ABCs of Common Canine Behavior Problems

Anxiety, barking and chewing are all behaviors that you can help your dog overcome — with a little bit of work and a lot of patience.

Dog anxiety can manifest in many forms, like lowered head and even aggression. By: Engin_Akyurt

Does your dog’s behavior sometimes make life difficult?

Whether it’s anxiety, barking or chewing, certain dog behaviors can make life tricky at times.

If your dog has a habit you’d rather they didn’t, here’s a brief first aid guide to dealing with them.

A Is for Anxiety

Anxiety takes many forms. From the dogs who shiver like jelly to the pooches who pee themselves, anxiety has many faces. Sometimes, the signs are obvious (such as shaking or involuntarily releasing their bowels), but it can also be more subtle.

Body language signs that a dog is anxious include:

  • Lip-licking
  • Yawning
  • Lowered head
  • Turning away
  • Aggression

Yes, aggression can be a sign of anxiety. It falls into the “attack is the best form of defense” category, when the dog is faced with a situation outside their control.

If you have an anxious dog, be careful about when and how you reassure the dog, and never force the dog to face their fears.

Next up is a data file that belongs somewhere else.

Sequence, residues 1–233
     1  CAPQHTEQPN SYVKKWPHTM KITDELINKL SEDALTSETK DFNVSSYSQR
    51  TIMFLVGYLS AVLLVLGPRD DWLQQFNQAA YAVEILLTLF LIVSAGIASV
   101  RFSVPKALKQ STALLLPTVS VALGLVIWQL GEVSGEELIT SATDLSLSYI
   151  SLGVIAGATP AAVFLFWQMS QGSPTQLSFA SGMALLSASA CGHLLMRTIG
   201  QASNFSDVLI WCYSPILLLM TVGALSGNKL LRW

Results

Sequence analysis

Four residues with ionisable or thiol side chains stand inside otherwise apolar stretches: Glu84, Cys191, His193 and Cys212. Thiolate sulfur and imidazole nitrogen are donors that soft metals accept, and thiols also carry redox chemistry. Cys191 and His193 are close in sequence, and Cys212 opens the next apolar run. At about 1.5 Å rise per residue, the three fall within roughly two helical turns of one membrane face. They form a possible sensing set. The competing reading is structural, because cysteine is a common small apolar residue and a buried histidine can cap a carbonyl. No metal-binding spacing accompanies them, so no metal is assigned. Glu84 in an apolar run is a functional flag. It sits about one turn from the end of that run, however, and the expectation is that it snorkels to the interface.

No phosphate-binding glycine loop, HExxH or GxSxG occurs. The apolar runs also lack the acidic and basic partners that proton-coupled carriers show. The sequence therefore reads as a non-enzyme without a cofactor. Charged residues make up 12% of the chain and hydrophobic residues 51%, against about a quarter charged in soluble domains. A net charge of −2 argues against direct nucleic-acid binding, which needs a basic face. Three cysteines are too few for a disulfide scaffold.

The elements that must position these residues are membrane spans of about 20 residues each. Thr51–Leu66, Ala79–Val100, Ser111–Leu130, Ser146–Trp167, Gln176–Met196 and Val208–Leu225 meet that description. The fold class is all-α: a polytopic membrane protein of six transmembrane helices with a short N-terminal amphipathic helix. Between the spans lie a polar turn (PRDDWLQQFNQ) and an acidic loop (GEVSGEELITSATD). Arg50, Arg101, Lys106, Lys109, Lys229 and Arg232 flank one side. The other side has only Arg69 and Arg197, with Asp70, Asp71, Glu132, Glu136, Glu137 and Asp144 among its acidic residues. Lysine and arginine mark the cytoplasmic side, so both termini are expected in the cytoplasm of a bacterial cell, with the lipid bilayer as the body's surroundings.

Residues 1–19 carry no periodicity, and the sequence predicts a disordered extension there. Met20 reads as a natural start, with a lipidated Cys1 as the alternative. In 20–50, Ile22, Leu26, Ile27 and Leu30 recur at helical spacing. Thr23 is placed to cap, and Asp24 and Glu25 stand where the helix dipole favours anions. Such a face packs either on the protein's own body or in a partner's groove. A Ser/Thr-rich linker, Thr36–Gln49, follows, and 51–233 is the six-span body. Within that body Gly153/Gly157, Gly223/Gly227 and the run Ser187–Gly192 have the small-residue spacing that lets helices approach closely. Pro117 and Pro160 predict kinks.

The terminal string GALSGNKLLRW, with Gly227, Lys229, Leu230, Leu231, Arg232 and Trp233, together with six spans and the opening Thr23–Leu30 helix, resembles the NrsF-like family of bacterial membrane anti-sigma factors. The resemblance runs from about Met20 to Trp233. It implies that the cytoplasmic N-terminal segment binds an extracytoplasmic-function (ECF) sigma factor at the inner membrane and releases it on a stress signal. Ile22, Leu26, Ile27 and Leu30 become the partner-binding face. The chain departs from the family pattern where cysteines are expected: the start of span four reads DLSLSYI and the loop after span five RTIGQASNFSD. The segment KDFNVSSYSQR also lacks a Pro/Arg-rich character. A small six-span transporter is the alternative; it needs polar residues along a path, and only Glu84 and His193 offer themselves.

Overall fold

Loud noises may freak your dog out, but don’t reward that behavior. By: LauraTara

Don’t Accidentally Train the Dog to Act Anxious

Let’s say your dog hates thunder. A storm approaches. The dog cowers under the bed. You reach under and stroke them, talking in a soothing voice. Perhaps you try and attract them out by offering favorite treats.

Big mistake! Despite your best intentions, these actions accidentally reinforce fear and train the dog to be anxious.

Think of reward-based training. This uses a reward (such as attention, praise, treats or fuss) to tell the dog they did well. This makes them want to repeat the action again in order to get that reward.

Oops. You just rewarded the dog for being anxious and made this behavior OK.

So what “first aid” actions should you take?

  • Create a relaxing environment: For a thunderstorm, this means closing the curtains, playing music quietly and giving the dog a safe den to escape to.
  • Act normal: The dog takes their cues from you. If you act anxious, they read there’s something to be worried about. Act as normal as possible and reassure the dog.
  • Reassure with scent: Give the dog something that smells of you as a comforter in his bed. Also, consider using synthetic dog pheromones, such as Adaptil. These send out soothing scent messages.
  • Dodge the issue: If your dog is anxious about visitors, then pop them in another room when guests are due. This simple action can stop a situation from deteriorating into barking and aggression.
  • ThunderShirts: The dog equivalent of swaddling bands can work well for some. The presence of a snuggly, fitted garment can reassure sensitive souls.
Give your chew-happy dog some excellent toys — instead of your furniture — to gnaw on. By: PublicDomainPictures

B Is for Barking

Barking is a big problem to solve, especially if you live in an apartment with neighbors on the warpath. It’s wrong to say there’s an easy solution; however, there are corrective steps you can take.